The world has changed since Australia last experienced a resources boom from 1979-82. Mining is now a capital-intensive global industry whose profits are widely distributed. The Australian economy has also changed with the decline in manufacturing and a focus on services.
As a result, the likelihood of a two-speed economy may be diminished. But who benefits? What are the implications of a resources tax? What are the impacts on other sectors of the economy, on inflation, and on monetary policy?
Hear from leading economists including Governor of the Reserve Bank Glenn Stevens, Treasury's Dr David Gruen, and academics Professor Bob Gregory and Professor Peter Sheehan from Victoria University, Professor John Freebairn from the University of Melbourne, and Professor John Phillimore from Curtin University.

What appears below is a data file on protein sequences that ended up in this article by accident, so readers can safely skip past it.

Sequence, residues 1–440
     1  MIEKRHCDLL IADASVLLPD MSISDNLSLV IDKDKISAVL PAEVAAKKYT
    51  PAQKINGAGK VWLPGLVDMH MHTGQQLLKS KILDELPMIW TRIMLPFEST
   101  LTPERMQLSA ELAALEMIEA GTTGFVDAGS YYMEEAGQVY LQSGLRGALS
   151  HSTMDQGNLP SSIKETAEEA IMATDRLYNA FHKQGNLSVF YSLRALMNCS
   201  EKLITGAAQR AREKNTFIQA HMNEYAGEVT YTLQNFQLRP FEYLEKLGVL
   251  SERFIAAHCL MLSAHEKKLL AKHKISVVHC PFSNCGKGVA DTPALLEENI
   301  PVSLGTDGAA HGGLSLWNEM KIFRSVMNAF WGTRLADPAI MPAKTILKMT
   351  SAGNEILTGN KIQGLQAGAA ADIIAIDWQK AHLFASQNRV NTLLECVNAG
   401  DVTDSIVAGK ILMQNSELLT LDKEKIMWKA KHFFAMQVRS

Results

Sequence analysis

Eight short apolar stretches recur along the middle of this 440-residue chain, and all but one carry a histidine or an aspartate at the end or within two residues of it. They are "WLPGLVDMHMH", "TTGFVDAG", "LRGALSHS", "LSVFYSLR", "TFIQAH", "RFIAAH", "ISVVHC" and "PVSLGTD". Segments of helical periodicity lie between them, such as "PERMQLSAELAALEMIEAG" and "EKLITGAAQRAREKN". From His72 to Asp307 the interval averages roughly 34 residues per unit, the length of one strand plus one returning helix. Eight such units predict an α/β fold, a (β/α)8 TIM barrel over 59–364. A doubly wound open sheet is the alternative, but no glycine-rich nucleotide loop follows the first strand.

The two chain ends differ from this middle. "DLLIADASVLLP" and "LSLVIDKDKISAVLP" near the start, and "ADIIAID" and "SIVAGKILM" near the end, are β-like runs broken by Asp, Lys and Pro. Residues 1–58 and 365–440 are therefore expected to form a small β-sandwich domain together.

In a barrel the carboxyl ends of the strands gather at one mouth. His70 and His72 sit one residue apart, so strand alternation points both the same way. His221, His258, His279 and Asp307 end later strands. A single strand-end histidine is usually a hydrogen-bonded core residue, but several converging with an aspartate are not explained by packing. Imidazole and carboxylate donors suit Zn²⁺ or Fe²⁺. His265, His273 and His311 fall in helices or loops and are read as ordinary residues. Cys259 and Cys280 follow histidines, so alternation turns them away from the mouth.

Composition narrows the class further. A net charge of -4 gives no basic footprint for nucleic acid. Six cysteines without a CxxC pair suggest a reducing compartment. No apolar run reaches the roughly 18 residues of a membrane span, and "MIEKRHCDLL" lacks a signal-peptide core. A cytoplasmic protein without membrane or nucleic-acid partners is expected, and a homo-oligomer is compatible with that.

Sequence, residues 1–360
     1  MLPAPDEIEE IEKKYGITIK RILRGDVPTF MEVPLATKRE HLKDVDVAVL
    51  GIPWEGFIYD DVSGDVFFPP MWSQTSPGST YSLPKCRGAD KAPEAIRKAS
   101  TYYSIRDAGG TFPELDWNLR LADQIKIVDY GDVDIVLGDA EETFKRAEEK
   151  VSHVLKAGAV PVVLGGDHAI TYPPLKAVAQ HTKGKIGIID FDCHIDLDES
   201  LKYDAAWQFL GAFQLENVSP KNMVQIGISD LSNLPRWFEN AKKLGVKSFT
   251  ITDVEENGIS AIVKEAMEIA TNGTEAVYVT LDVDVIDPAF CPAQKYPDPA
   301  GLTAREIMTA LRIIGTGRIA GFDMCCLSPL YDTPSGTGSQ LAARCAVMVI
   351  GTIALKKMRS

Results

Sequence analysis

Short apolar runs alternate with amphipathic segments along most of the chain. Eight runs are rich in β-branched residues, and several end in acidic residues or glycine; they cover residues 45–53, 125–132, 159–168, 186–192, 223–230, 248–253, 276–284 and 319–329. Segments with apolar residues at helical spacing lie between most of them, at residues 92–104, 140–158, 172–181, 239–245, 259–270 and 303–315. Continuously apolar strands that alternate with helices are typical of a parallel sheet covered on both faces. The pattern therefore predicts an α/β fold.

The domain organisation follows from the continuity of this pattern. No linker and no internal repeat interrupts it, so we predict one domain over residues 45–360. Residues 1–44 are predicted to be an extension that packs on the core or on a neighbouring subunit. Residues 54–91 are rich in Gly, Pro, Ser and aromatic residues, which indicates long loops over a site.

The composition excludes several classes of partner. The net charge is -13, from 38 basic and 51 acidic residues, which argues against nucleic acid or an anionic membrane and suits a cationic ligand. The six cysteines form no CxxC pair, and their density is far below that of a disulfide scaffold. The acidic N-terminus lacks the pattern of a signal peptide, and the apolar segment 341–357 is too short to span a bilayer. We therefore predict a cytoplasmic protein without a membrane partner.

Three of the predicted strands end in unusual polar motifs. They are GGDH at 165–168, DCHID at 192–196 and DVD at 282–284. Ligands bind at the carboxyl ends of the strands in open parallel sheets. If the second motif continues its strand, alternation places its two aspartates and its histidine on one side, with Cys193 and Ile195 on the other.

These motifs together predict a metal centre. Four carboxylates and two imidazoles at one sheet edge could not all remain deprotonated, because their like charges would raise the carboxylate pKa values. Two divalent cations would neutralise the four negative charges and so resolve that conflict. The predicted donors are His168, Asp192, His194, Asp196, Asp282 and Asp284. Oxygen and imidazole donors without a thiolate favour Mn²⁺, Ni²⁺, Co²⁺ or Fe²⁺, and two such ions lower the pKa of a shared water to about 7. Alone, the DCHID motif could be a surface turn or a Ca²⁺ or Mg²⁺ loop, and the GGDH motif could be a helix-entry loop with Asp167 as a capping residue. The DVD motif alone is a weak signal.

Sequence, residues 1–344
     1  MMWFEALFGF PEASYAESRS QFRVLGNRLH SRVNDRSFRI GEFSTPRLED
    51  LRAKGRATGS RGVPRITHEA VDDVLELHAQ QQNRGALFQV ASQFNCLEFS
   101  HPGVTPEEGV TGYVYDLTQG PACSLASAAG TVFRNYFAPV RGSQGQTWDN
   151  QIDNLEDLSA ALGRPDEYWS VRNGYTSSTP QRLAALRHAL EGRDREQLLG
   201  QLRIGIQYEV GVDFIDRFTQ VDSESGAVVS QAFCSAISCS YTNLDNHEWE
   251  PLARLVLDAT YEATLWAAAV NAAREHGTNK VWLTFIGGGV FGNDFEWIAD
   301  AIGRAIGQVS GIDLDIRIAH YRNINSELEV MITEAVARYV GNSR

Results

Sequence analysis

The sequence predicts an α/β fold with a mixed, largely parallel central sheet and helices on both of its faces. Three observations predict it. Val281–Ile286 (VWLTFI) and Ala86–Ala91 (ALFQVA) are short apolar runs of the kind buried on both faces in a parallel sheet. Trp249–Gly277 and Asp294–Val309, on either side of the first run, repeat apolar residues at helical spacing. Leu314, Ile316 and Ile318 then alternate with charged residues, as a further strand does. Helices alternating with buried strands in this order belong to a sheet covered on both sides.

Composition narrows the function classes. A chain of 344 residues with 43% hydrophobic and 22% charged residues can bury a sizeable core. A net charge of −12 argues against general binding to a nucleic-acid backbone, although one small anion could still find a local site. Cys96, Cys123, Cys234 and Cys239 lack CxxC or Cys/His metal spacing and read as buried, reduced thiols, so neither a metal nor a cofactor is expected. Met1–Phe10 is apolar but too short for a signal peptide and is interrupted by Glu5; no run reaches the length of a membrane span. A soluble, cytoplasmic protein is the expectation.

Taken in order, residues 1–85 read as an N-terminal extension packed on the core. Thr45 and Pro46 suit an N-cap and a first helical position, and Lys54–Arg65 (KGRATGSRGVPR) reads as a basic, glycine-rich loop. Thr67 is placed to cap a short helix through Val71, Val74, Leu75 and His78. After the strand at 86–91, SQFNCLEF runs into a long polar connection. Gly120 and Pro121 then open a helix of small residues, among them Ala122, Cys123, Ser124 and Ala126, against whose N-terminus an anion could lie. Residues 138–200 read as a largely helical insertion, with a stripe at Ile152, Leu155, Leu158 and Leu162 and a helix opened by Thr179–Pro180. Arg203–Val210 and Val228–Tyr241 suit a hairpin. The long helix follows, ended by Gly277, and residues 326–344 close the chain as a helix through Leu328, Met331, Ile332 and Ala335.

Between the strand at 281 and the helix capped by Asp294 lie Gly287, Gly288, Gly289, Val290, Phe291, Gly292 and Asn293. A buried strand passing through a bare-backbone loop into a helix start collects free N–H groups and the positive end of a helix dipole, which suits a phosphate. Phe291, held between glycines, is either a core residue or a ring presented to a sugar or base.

When: Wednesday 23 February 2011, 8.15am-5.30pm
Where: Level 11, City Flinders Campus, 300 Flinders St, Melbourne (opposite Flinders St Station, Mel: 1A, K9)
An audio splitter box will be available for media.
Media inquiries: Jim Buckell, External Communications Manager,
Marketing and Communications Department, Victoria University
Ph: (03) 9919 4243; mobile: 0400 465 459; email: email@example.com